The crew has gathered samples from different locations at the SM inner hull which have accumulated some mildew-like contaminant. A total of 10 samples were taken, six for Moscow and Êfour for Houston. Crew also reported that the substance appears to have formed in areas that had blocked airflow from stowage racks, and that there was no contamination in areas where the airflow was not blocked by stowage. The samples will be returned on both the Soyuz and 8A Shuttle for analysis. Subsequently, the crew also cleaned the areas that they could reach. Procedures are being developed for temporary removal of the TVIS treadmill (in its current configuration), to allow additional areas to be reached for cleaning.

CDR Onufrienko and FE-1 Walz continued loading operations on Progress M1-256, using the IMS (inventory management system) as reference and record “clipboard”. MCC-M has uplinked a long list of items to be transferred to the cargo ship as well as detailed instructions on how and where to stow discarded equipment and waste, in order to ensure approved CG (center-of-gravity) and mass characteristics (moments of inertia around three axes) necessary for the post-separation maneuvers of the automated vehicle. The waste cargo includes food waste bags, old medical kits, used filters and moisture collectors, discarded underwear and shoes from Expedition 3, pieces of hardware and Orlan gloves.

FE-2 Dan Bursch completed a series of CheCS (crew health care systems) hardware photographs for archival purposes. Images were taken of the CSA-CP (compound specific analyzer – combustion products), currently deployed in the SM, the ISS eyewash station near the SM SVO-ZV water system, the CheCS rack in the Lab, and the TEPC (tissue equivalent proportional counter) in the Lab temporary sleep station (TeSS), where Dan had installed it earlier this morning.

Photos taken on 3/8 of the ADVASC (Advanced Astroculture) growth chamber reveal that more plants are alive and developing than expected, although they are noticeably behind the schedule. Initial analysis indicates that a total of 14 plants are alive, and an additional 16 plants have germinated but did not survive. Investigators remain hopeful that other seeds will germinate before the end of the mission. Currently, the plan is to proceed with the plant tissue sample this Friday (3/15).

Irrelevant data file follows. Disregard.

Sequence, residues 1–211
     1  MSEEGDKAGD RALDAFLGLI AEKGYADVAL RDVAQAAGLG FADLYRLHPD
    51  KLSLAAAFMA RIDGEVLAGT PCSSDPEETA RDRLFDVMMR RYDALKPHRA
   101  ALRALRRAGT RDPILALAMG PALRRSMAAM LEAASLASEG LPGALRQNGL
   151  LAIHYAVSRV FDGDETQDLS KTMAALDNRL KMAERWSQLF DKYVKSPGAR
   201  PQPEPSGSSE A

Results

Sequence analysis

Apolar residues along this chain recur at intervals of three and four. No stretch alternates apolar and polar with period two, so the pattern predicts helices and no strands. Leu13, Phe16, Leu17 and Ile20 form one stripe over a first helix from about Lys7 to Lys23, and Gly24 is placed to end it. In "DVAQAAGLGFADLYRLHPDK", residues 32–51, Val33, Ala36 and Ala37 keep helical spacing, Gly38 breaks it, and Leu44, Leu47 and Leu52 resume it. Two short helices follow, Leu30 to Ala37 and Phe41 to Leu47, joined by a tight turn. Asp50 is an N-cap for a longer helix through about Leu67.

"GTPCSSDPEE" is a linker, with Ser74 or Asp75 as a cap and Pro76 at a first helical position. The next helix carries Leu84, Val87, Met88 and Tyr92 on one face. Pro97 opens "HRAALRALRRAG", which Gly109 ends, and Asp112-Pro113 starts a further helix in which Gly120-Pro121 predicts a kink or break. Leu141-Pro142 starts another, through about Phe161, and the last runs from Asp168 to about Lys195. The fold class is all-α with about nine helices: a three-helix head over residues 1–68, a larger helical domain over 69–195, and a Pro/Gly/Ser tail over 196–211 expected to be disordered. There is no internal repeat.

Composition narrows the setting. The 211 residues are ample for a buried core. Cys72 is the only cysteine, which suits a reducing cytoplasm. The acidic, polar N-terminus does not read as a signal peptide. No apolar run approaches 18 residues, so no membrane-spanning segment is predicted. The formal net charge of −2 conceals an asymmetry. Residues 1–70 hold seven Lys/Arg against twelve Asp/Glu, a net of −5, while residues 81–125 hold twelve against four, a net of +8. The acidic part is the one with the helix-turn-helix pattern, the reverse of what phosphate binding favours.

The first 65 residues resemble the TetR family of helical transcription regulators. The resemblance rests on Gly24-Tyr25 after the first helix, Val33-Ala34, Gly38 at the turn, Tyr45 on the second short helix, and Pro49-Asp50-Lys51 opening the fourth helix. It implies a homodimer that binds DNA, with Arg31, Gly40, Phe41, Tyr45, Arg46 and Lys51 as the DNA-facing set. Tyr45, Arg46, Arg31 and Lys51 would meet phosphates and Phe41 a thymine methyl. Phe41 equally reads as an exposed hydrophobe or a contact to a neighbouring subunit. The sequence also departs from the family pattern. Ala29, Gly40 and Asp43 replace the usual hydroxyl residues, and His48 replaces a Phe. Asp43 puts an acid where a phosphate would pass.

At 11:55 am EST, in sync with commands sent up by the ARIS-ICE (active rack isolation system/isolation characterization experiment) team, Carl Walz completed a critical performance test of the ARIS “snubber cups” containment. The test was to determine whether the ARIS rack, when moved up, hits the Lab standoff structure before the snubber pins hit the tops of the snubber cups.

Yuri Onufrienko returned to the previously conducted checkout/monitoring of the IK-0501 gas analyzer (GA) in the SM, taking control readings with the IGZ and BKGA gas meters. He also worked on recovering Russian Wiener laptop #1 functionality by copying the system file of laptop #2 to #1 via floppy disk.

All crewmembers performed their daily physical exercise on TVIS and the newly restored RED.

CEO (crew earth observation) target areas today were European Smog (this pass ran the length of the Italian Peninsula on the western side. Crew was to try for oblique and limb views of the favorable aerosol situation over eastern Italy and the Adriatic Sea to the left of track), W. Mediterranean Dust and Smog (with a strong cold front approaching the Straits of Gibraltar, crew was to look eastward, to the left of track for dust blowing northward out of Algeria and to use oblique or limb views only), Tropical Cyclone “Hary” (Dynamic Event Site: Tropical Cyclone Hary grazed the NE coast of Madagascar over the weekend with 140-kt winds before it weakened and headed south. This is still a major tropical cyclone with 115kt winds moving SSE over open water. Of interest this pass: near-nadir views of the eye and possible oblique views of the extent of the storm’s circulation), Congo-Zimbabwe Biomass Burning (the dry season is now underway for Zimbabwe and conditions are becoming favorable for burning. Crew was to look to the left of track for early indications of fires), Gulf of St. Lawrence (light is getting low this pass, but concentrate on ice coverage of the bay and coastal waters of Nova Scotia), Eastern United States (a slow-moving high-pressure area over the eastern US should have offered good conditions for viewing aerosols there. Of interest: looking to the right of track from the Lake Erie to the Delmarva Peninsula for layers and palls of smog that best detected in oblique views), and Lakes of the Eastern Sierra Watershed (snow pack in the Sierra Nevadas is nearing its seasonal peak for this year. Of interest this pass: documenting the extent of snow cover on these mountains just to the left of track).